Per an article in The Hollywood Reporter, actor John Turturro is seeking the rights to reprise his role as Jesus Quintana from The Big Lebowski in a new film. Jesus, as you'll likely remember, was a flamboyant bowler and a pederast. ("Eight year olds dude.")
"If I can get the permission I need, I'd like to return to that role," Turturro reportedly told a panel at last weekend's Taormina Film Festival in Sicily.
It's not the first time Turturro has said he'd like to resurrect the character. But his latest remarks come on the heels of the wildly successful first season of the TV adaptation of Fargo - another Joel and Ethan Coen production - which got us thinking: What other characters from Coen brothers movies deserve a spinoff?
Chad Feldheimer from Burn After Reading
Spoiler alert: Ditzy personal trainer-turned-amateur-blackmailer Chad Feldheimer (Brad Pitt) meets an untimely death in this 2008 comedy. But we live in the age of the prequel, so why not give the half-witted Feldheimer a chance to amuse audiences further, with, say, a 30-minute sitcom set in the gym where he works. The world deserves to see more of Chad doing what he does best. Things like riding his bike into a brick wall, orating like a SoCal surfer, and frosting the tips of his hair.
Mattie Ross from True Grit
Hailee Steinfeld earned an Oscar nomination for her role as a headstrong adolescent girl in the Wild West, on a mission to track down and exact retribution from her father's killer. But what becomes of our young heroine after she succeeds in her ambitious undertaking? We know through narration that she's still alive 25 years later (though she lost her arm to a snake bite-induced bout of gangrene).We also know that the misanthropic U.S. Marshall (Jeff Bridges) who reluctantly aided in her mission for revenge has just recently died. Surely Mattie Ross is a rich enough character to deserve more of a story. Let's find out what she's been up to for the last 25 years.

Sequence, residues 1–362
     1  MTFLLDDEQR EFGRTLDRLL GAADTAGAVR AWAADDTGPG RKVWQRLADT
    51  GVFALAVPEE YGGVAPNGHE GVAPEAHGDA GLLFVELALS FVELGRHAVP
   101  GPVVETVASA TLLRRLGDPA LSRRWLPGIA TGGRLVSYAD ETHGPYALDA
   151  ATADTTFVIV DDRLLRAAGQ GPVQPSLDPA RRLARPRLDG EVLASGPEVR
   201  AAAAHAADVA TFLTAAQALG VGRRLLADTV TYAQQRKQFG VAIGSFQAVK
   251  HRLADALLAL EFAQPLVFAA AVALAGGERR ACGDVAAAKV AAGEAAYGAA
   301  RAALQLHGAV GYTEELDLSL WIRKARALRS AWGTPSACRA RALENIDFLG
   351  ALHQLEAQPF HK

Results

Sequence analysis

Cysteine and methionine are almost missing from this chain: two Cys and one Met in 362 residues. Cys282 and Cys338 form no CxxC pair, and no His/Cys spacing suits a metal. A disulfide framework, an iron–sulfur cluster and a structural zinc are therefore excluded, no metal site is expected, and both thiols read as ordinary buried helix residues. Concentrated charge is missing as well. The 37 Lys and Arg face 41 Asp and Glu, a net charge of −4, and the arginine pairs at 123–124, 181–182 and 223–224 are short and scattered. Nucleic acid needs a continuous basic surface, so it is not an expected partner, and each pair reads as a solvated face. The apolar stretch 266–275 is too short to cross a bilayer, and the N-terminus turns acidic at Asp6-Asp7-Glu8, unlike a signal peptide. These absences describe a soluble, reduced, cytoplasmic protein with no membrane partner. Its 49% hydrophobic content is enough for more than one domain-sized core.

Ulysses the Cat from Inside Llewyn Davis
This trailer for Inside Llewyn Davis feels a bit like a Saturday Night Live parody. But no; it's just another quirky Coen brothers joint about a struggling '60s folk singer and his sometime-companion, a tabby named Ulysses. And though critics were split on whether the movie deserved an Oscar or a Razzie, everyone seemed to go wild for the cat. Cats are suspicious creatures. Suspicious creatures make good subjects for art. Let's have a spinoff about Ulysses. He won't have any lines (because, again, he's a cat), but when it comes to animals conveying emotion, it's all in the eyes.
Photos by Everett Collection